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U.S. bomb threat suspect held in Portugal

Portuguese police arrested a U.S. fugitive who allegedly phoned bomb threats to extort money from American banks, authorities said Friday.
/ Source: The Associated Press

Portuguese police have arrested a U.S. fugitive who allegedly phoned bomb threats to extort money from American banks and stole from multinational companies by hacking into their internal computer networks, authorities said Friday.

Allan Guedes Sharif, 29, who is wanted by U.S. federal authorities on extortion charges, is in custody awaiting trial, Portuguese detective Pedro Felicio said.

Sharif was detained Wednesday at a luxury condominium where he was living in Viseu, a city about 120 miles north of Lisbon, Felicio told The Associated Press.

Sharif, whose mother is Portuguese, grew up in the New York area, but is believed to have fled to Portugal after he was indicted by a federal grand jury on bank fraud charges in 2005.

Sharif, who has dual U.S.-Portuguese citizenship, faces charges in New York and Miami, but Felicio said he would stand trial first in Portugal.

Police suspect most of Sharif's victims were companies in the U.S., but he also targeted companies in Canada, Britain and Switzerland, Felicio said.

Sharif's alleged fraud schemes are believed to have netted "large quantities" of money, but the exact amount is not known.

Police seized 15 laptop computers and 53 cellular phones during the arrest.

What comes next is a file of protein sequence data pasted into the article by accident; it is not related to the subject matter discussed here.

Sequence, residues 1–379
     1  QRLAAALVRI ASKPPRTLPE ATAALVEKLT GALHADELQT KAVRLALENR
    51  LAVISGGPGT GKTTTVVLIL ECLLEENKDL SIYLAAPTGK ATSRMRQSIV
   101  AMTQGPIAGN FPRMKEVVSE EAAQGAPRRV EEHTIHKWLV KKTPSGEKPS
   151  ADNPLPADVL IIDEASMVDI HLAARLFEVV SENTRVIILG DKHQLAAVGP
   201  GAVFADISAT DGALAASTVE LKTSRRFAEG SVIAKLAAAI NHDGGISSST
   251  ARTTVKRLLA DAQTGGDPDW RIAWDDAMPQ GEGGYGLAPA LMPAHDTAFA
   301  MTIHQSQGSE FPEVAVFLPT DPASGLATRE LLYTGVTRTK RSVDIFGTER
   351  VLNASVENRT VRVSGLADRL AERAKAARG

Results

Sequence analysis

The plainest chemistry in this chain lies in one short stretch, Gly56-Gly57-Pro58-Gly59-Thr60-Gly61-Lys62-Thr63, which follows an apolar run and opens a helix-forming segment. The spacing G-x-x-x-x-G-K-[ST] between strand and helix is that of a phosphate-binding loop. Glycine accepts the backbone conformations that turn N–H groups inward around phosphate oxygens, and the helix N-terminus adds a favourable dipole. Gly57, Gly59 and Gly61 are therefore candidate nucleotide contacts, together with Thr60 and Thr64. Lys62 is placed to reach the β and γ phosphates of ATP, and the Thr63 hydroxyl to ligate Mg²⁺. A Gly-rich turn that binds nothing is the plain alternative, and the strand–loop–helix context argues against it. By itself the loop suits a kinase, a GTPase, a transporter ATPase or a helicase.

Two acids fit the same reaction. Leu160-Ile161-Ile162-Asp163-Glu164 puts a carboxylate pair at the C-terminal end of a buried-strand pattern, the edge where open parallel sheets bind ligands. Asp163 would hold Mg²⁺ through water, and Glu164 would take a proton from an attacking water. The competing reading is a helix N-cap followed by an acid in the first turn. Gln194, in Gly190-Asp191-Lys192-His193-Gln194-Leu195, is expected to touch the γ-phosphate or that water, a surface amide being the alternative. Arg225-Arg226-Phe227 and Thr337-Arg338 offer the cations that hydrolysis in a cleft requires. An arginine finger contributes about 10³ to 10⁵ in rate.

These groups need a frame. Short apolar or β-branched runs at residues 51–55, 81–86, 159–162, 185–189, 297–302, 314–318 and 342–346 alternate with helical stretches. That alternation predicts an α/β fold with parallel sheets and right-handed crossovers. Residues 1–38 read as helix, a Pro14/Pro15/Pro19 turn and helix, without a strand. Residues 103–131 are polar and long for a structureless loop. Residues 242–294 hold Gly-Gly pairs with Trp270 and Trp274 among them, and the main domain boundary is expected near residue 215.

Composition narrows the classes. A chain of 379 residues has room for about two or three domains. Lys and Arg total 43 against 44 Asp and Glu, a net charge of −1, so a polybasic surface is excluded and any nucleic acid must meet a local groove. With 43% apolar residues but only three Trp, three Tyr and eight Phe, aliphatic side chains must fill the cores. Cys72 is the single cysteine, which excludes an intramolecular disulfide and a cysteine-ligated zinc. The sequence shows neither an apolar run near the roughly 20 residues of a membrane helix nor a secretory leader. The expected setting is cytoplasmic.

Portuguese detectives have been investigating Sharif since September, Felicio said.

He appeared before a judge Thursday and was ordered to be held in custody while he awaits trial, which is not expected to begin before the end of the year.

If convicted, Sharif faces up to 15 years in jail for each crime, but the maximum prison sentence in Portugal is 25 years.

Felicio said he did not know whether U.S. authorities had issued an extradition request.

In January, a U.S. District Court in Manhattan indicted Sharif on charges he made threats by telephone to Deutsche Bank, the Bank of New York, Bank of America and Societe Generale.

In November, federal authorities in Miami said they had asked that Sharif be arrested on charges that he made international phone calls earlier that year threatening to blow up a Miami Beach bank unless workers there gave an alleged accomplice money.

In the U.S., Sharif faces a possible life prison sentence if convicted of a charge of threatening to use weapons of mass destruction by making bomb threats. Three other counts charging him with threatening acts of terrorism across national boundaries each carry 10-year prison sentences.